As an independent unit of life, man faces two limits: that of body and that of mind.
Any instance of human activity ceases either because of a hard biological limit (I broke my arm therefore I cannot paint), or because the discomfort becomes too great (no one is buying the paintings therefore I shall not paint).
The latter is a soft limit that can be stretched through training (perseverance can be learned: maybe I should continue painting anyway?).
However, if the soft limit stretches so far it meets the hard limit, you get the bodily smack-down of madness or illness: you will go no further.
The difference between the soft and the hard limit is measured in effort.
A personal anecdote
A long time ago my high-school sociology teacher delivered a blow to my pride that set me in my place for life. I had asked him for a reference. He wasn’t too worried about keeping what he wrote a secret, indeed, he encouraged me to look at the form, right there, in front of him.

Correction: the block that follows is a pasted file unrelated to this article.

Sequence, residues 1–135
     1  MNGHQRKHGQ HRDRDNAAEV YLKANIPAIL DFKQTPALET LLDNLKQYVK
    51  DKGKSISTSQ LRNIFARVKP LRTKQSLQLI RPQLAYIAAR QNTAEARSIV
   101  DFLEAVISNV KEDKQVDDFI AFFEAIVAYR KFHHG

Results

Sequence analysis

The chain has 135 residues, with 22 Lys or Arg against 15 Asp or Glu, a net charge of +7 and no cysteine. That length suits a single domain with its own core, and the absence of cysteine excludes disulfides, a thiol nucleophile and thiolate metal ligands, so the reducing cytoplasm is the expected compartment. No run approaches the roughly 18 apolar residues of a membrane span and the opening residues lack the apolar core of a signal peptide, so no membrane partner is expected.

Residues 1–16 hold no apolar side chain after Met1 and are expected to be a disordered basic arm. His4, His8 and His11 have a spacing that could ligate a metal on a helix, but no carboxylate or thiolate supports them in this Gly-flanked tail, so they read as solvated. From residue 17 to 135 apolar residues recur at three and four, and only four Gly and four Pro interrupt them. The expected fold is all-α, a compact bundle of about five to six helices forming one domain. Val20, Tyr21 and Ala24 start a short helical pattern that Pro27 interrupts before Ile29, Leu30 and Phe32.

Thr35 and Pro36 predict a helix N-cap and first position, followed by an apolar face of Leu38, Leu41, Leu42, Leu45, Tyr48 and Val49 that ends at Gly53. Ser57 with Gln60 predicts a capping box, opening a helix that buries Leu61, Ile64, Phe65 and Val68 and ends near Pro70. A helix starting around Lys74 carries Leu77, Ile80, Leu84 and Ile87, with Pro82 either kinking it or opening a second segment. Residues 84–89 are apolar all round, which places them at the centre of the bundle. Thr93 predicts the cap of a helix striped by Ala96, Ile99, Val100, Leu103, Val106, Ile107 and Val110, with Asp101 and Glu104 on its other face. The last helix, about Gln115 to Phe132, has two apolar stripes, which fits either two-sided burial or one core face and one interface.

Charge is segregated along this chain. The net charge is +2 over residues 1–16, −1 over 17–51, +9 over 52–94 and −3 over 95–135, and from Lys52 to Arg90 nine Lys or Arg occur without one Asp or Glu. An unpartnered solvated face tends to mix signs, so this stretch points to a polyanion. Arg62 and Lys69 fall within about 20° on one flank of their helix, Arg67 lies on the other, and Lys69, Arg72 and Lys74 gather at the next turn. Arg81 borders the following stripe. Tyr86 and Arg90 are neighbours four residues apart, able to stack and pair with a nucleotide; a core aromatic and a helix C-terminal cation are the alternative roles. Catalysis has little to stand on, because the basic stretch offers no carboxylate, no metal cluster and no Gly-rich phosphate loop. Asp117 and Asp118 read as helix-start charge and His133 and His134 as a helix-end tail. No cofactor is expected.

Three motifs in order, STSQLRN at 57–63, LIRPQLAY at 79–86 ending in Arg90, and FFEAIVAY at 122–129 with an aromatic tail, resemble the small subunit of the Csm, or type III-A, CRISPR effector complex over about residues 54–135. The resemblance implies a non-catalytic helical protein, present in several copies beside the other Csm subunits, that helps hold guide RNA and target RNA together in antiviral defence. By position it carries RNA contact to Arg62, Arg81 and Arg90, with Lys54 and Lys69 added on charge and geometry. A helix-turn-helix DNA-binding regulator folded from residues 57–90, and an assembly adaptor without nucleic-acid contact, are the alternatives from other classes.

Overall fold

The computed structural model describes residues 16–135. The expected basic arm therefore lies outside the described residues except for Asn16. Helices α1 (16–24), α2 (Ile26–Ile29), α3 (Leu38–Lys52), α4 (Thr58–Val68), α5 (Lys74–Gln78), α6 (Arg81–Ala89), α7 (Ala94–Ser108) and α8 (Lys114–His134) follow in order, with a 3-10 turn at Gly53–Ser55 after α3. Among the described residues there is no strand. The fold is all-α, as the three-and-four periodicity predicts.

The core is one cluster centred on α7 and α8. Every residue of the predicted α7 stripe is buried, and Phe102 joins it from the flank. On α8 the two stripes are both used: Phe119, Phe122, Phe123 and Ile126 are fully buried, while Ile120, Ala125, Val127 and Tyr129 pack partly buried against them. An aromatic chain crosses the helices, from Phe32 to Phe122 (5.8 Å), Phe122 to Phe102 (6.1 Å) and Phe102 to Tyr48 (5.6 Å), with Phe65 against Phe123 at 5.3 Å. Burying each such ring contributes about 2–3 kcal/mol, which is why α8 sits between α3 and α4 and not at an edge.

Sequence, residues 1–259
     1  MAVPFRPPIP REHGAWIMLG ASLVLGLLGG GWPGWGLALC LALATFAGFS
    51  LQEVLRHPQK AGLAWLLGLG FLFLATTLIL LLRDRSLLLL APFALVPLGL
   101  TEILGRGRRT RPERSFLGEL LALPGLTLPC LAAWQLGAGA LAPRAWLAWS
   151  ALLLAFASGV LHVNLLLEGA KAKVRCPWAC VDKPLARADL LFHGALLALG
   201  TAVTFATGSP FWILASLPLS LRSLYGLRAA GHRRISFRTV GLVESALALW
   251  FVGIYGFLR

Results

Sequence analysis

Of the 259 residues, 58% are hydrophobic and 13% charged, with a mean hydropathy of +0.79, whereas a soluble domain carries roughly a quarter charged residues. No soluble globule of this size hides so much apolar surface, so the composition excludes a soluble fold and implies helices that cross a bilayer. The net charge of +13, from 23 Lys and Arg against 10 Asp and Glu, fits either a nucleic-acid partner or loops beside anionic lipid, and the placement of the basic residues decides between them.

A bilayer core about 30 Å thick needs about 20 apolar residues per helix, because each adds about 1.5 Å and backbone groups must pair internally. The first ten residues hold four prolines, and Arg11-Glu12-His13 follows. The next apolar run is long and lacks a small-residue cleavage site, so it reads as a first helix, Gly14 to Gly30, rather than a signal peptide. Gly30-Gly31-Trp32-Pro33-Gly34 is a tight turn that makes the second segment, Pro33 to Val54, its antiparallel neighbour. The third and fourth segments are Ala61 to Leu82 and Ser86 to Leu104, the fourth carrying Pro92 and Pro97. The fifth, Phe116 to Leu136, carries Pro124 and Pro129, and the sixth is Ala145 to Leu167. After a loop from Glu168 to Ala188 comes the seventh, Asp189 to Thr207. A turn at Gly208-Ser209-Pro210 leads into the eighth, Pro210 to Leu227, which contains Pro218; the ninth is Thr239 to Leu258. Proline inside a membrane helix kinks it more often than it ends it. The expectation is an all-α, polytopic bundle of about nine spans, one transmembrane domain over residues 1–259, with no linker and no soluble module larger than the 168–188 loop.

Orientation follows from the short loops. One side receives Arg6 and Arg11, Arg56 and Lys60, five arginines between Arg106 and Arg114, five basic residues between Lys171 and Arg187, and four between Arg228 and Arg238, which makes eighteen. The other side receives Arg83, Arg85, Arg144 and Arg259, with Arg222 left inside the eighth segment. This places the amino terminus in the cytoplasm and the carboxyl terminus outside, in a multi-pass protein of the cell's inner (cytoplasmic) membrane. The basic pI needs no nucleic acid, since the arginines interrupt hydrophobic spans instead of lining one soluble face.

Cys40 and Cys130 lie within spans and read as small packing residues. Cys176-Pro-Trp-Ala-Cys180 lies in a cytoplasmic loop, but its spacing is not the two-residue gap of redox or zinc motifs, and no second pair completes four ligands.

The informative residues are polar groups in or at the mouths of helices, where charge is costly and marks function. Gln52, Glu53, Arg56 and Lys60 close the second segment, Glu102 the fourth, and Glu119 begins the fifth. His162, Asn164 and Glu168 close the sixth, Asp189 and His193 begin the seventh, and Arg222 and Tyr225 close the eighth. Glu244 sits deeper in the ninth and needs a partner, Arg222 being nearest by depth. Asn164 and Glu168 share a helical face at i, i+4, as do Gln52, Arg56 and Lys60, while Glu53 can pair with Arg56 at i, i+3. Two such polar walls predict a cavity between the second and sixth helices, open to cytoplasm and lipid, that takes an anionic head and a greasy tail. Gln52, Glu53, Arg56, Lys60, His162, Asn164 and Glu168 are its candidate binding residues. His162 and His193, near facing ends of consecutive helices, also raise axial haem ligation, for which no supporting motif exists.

Only one point surprised me: he’d scored me 4 out of 5 on “General Effort”.
Tell me my facts are wrong, tell me my form is poor, but how dare you tell me I didn’t try to the utmost of my ability?
I brought this up in diplomatic tones, and I witnessed the first and so far only instance of someone’s eyes glinting.
Then a grin.
Then he said: “Well, if you’re honest with yourself, do you try as hard as you could be trying?”
You only get so many of those self-searching moments where circumstance, mood, and honesty join in a bitter-sweet union. This was one of them.